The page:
The aviation industry, specifically Southwest Airlines, is a great example of the decision making process and its effects on the marketplace throughout the years. Southwest Airlines has made several organizational changes that have altered the concept of flying. Are these changes positive? This paper will provide a brief history of Southwest Airlines, including its production function, risk, uncertainty, and the impact that government regulations have made domestically and abroad. It will also investigate pricing trends, new products/services, profitability, the competitive market, and non-price competition. The final analysis of this paper will describe specific recommendations regarding changes and improvements for Southwest Airlines.
Southwest Operations History: Risk or Uncertainty?
According to Fortune Magazine, Southwest Airlines persists to be one of the “World’s Most Admired Companies”. Founded in 1967 by Rollin King and Herb Kelleher, Southwest Airlines began its service on June18th with three Boeing 737 aircrafts that primarily serviced Houston, Dallas, and San Antonio (B, et al., 2010). Since its inception, Southwest has continued to produce profits year after year. “With 40 consecutive years of profitability, Dallas-based Southwest Airlines (NYSE: LUV) continues to differentiate itself from other carriers with exemplary Customer Service delivered by nearly 46,000 Employees to more than 100 million Customers annually” (SWA.com, n.d.). As notated in Figure 1, since its recent acquisition of AirTran Airways, Southwest Airlines has become the nation’s largest carrier in terms of originating domestic passengers boarded and, operates the largest fleet of Boeing aircraft in the world to serve 97 destinations in 41 states, the District of Columbia, the Commonwealth of Puerto Rico, and six near-international countries (SWA.com, n.d.).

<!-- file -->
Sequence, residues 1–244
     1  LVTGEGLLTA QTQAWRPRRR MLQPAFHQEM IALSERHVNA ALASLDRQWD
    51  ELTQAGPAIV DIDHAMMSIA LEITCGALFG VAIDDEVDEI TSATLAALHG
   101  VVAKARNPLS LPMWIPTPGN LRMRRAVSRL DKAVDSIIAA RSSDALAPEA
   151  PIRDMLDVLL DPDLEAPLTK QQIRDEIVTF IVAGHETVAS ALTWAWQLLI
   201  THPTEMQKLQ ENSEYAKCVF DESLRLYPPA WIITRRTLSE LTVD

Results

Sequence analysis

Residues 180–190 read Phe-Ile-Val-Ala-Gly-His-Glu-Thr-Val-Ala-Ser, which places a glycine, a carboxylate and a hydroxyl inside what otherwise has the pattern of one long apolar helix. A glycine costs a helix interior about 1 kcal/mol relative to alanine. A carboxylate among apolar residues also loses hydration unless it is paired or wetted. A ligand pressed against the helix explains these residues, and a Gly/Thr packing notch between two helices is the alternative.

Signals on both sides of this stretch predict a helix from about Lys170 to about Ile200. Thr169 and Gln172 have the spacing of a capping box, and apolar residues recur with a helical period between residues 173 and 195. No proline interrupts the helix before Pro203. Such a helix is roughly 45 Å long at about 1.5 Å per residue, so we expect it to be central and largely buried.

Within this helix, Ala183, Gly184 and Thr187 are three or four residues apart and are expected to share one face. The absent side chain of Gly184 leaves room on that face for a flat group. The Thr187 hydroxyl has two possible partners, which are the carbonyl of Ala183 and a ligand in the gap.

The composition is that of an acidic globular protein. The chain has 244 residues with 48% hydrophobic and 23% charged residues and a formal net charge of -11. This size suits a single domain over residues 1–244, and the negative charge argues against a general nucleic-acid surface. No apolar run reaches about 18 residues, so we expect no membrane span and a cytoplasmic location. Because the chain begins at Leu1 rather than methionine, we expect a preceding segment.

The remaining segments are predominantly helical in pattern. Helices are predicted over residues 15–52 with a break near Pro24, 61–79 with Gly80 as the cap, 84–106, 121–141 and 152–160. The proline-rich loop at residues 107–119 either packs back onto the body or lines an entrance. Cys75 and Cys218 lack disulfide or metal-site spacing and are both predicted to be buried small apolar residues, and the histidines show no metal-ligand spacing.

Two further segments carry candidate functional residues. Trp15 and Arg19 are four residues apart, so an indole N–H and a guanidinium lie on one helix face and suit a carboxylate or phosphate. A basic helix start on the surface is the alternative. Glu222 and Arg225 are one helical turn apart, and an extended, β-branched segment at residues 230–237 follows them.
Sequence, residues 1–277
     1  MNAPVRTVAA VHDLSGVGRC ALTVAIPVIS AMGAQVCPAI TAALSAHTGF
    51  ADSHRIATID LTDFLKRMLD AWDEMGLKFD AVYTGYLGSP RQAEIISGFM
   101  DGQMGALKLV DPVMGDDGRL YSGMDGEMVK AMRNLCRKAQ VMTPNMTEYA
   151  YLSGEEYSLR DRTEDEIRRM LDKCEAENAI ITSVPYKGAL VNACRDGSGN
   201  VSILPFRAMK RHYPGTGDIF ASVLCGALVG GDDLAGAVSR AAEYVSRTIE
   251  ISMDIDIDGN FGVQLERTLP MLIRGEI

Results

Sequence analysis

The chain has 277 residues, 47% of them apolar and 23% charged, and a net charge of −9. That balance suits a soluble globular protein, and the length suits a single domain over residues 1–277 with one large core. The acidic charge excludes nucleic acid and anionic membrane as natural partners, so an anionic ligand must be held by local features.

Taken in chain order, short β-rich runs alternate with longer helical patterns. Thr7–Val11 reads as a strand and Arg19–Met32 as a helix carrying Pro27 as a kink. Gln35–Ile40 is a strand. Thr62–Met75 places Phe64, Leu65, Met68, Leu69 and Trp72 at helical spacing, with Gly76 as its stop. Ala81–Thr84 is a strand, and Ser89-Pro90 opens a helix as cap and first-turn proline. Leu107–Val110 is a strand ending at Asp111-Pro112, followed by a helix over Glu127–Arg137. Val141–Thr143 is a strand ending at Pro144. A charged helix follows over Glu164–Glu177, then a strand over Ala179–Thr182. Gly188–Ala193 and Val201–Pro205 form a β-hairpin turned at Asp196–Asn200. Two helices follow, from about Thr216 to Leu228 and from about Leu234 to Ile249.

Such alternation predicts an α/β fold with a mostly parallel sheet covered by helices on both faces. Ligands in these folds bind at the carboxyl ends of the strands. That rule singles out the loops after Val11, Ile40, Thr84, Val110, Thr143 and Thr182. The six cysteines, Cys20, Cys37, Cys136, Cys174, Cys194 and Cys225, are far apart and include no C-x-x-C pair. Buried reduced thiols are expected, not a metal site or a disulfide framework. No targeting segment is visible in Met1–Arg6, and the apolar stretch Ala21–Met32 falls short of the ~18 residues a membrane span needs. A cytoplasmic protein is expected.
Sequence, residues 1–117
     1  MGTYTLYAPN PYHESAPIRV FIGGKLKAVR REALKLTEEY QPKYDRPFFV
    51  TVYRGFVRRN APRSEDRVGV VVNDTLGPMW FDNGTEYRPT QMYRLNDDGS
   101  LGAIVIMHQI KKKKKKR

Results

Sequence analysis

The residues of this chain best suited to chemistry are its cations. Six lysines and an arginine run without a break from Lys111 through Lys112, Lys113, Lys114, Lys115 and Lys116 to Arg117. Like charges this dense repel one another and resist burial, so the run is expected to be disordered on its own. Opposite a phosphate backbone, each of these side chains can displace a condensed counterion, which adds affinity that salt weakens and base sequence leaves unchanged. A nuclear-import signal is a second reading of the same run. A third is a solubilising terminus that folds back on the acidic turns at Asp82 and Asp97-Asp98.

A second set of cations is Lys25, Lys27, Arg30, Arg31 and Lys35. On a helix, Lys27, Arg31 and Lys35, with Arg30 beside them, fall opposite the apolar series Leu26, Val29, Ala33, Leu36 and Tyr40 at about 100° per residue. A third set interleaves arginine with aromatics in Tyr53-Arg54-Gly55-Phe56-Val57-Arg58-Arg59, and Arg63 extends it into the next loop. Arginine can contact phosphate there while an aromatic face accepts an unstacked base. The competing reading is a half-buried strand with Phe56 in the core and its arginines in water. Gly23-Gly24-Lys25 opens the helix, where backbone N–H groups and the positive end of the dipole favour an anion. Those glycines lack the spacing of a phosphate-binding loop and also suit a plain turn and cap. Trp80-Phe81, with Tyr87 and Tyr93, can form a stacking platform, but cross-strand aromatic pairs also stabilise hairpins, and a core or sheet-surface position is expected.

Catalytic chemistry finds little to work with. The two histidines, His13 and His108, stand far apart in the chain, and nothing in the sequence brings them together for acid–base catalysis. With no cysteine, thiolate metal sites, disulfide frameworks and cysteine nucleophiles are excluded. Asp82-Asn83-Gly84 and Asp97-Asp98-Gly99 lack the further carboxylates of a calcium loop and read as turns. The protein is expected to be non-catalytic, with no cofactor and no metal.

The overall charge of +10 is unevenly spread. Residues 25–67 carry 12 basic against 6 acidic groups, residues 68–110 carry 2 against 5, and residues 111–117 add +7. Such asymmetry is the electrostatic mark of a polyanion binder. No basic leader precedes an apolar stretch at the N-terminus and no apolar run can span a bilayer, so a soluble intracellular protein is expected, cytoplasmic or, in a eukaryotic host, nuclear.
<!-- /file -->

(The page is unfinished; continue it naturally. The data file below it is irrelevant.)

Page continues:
Fiscal year is January-December. All values USD millions. 2008 2009 2010 2011 2012 5-year trend
Sales/Revenue 11.02B 10.35B 12.1B 15.66B 17.09B
Sales Growth - -6.11% 16.95% 29.36% 9.13%
Cost of Goods Sold (COGS) incl. D&A 5.85B 5.28B 5.99B 8.47B 14.24B
COGS excluding D&A 5.25B 4.67B 5.36B 7.76B 13.4B
Depreciation & Amortization Expense 599M 616M 628M 715M 844M
Depreciation 599M 616M - - 819M
Amortization of Intangibles - - - - 25M
COGS Growth - -9.68% 13.31% 41.50% 68.16%
Gross Income 5.17B 5.07B 6.12B 7.19B 2.85B
Table 1. Five year gross income trend.
Known at the lost cost service provider, its business model from an operational standpoint is one that immulated by other low cost carriers nationwide and abroad. In the competitive airline industry, Southwest has been successful in positioning themselves as a low-fare, point-to-point, high-frequency, and exciting carrier. By incorporating this method of simplistic operations, the organization has found a way to create more efficient trip times, decrease delays, and minimize connections. According to B. et.al (2010), Southwest’s operations consist of one flight class, open seating (first come first serve), no meals, one aircraft type (Boeing 737 to reduce training and maintenance costs), and a ticketless travel system to avoid paying commissions to travel agents. These were all risks that in successful outcomes for the airline.
External Environment Uncertainty While Southwest does seem to be on an all-time high, there are a few uncertainties that could affect their financial outcome. One example is the global price of oil. Although this has not been an issue for Southwest, it